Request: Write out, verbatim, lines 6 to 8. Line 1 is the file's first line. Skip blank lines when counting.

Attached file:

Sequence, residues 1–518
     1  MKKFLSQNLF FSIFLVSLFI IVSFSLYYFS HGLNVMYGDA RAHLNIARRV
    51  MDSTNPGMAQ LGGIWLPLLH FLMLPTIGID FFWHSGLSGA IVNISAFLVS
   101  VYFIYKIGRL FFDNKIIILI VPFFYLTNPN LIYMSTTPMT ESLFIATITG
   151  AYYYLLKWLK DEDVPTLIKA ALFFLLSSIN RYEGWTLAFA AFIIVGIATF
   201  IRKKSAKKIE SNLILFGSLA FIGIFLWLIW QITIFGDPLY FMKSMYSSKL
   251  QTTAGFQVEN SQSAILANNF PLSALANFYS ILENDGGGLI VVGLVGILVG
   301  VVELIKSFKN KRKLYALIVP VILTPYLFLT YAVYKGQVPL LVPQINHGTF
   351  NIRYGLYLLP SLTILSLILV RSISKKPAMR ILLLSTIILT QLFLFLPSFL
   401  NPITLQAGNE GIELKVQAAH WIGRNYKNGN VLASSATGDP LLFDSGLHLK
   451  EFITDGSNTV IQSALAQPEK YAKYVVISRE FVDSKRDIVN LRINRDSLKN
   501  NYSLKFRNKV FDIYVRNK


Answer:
   201  IRKKSAKKIE SNLILFGSLA FIGIFLWLIW QITIFGDPLY FMKSMYSSKL
   251  QTTAGFQVEN SQSAILANNF PLSALANFYS ILENDGGGLI VVGLVGILVG
   301  VVELIKSFKN KRKLYALIVP VILTPYLFLT YAVYKGQVPL LVPQINHGTF